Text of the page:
Rev. Francis J. Hoffman explains why the faithful can venerate images while not disobeying the second commandment.
Fr Francis, director of Relevant Radio, stated that it is now acceptable to venerate graven images, because we beheld the face of Christ in His incarnation.
The question Fr. Francis was answering was from a person wondering if the Catholic Church would consider taxidermy graven images. The priest quoted from the Catechism of the Catholic Church:
2130 Already in the Old Testament, God ordained or permitted the making of images that pointed symbolically toward salvation by the incarnate Word: so it was with the bronze serpent, the Ark of the Covenant, and the cherubim.
2131 Basing itself on the mystery of the incarnate Word, the seventh ecumenical council at Nicaea (787) justified against the iconoclasts the veneration of icons – of Christ, but also of the Mother of God, the angels, and all the saints. By becoming incarnate, the Son of God introduced a new “economy” of images.
2132 The Christian veneration of images is not contrary to the first commandment which proscribes idols. Indeed, “the honor rendered to an image passes to its prototype,” and “whoever venerates an image venerates the person portrayed in it.” The honor paid to sacred images is a “respectful veneration,” not the adoration due to God alone.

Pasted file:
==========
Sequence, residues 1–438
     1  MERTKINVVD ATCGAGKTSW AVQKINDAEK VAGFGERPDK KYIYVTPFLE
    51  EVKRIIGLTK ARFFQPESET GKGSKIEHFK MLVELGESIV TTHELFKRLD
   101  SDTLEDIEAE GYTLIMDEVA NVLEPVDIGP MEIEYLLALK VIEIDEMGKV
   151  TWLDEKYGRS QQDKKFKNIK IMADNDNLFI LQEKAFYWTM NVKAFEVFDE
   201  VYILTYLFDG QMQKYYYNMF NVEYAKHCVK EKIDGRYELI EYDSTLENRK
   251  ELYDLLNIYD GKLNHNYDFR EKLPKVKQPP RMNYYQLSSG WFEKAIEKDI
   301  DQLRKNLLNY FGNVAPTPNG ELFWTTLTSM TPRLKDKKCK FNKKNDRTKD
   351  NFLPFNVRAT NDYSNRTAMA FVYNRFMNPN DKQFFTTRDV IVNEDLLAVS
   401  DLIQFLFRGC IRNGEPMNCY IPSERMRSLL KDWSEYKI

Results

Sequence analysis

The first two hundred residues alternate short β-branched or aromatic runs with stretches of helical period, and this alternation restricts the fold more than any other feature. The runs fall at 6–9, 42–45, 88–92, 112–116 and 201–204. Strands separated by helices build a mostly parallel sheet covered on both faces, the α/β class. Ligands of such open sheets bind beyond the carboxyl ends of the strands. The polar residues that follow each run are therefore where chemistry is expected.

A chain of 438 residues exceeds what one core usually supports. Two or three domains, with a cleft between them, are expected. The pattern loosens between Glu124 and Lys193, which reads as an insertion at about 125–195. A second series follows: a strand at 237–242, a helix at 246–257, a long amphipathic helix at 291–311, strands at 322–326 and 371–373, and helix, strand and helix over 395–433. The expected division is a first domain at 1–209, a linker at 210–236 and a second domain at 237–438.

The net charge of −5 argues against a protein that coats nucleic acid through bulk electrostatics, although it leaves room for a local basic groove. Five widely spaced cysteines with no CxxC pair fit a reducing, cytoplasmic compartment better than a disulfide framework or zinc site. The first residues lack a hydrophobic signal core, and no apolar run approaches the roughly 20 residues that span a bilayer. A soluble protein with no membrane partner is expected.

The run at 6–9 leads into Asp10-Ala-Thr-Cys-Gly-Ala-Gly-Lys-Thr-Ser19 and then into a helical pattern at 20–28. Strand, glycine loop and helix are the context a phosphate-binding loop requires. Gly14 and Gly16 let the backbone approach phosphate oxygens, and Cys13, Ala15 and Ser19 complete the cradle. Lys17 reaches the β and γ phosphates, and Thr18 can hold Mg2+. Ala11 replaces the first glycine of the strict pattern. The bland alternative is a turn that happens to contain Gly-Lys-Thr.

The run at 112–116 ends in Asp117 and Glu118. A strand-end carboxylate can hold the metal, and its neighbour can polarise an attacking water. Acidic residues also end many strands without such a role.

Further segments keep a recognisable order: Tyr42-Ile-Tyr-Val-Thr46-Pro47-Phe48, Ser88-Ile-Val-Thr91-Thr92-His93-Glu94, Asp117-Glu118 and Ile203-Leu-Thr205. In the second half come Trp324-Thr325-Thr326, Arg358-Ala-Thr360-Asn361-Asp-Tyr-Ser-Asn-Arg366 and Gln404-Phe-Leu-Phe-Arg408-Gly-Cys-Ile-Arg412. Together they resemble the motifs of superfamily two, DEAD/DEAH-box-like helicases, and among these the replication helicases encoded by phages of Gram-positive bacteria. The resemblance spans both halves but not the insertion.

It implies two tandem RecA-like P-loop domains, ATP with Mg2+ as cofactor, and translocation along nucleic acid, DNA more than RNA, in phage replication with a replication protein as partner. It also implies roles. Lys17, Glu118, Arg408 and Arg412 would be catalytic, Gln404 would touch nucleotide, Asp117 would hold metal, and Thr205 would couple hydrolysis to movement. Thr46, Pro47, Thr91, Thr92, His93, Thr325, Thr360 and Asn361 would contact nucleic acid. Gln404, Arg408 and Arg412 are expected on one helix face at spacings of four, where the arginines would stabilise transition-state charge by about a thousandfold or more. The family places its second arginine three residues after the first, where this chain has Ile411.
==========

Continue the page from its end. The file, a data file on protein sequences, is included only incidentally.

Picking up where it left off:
Fr. Francis said that taxidermy could not lead anyone directly to God, (looking at a stuffed dead animal) and that it would only be idolatry if someone worshiped it.
Did the Apostles set up a shrine full of statues of wood and stone with carvings of Moses and Abraham after Jesus ascended to the heavens? Did they start bowing before them with the excuse that Jesus walked the earth so now it was okay?
Did they open up a Catholic gift shop with lots of statues and rosaries? We know the answer is NO. There is no way Paul or Peter set up a statue in their homes or kept one in their bag when they went preaching from town to town. No bottles of holy water did they carry.
Because the Council of Nicaea decided to make the first commandment null and void does not mean that it is. The Catechism claims it is only veneration and not worship. Is the following photo veneration or worship?
Oh my dear Catholic people, come out of her. The commandment of God can not be erased by any council or any man. Be set free from idolatry by throwing out every statue and image, and the unclean spirits attached to them! Adhere to the Gospel and make Jesus your Master, Savior and Lord.
God is spirit, and his worshipers must worship in spirit and in truth.
Written by Sue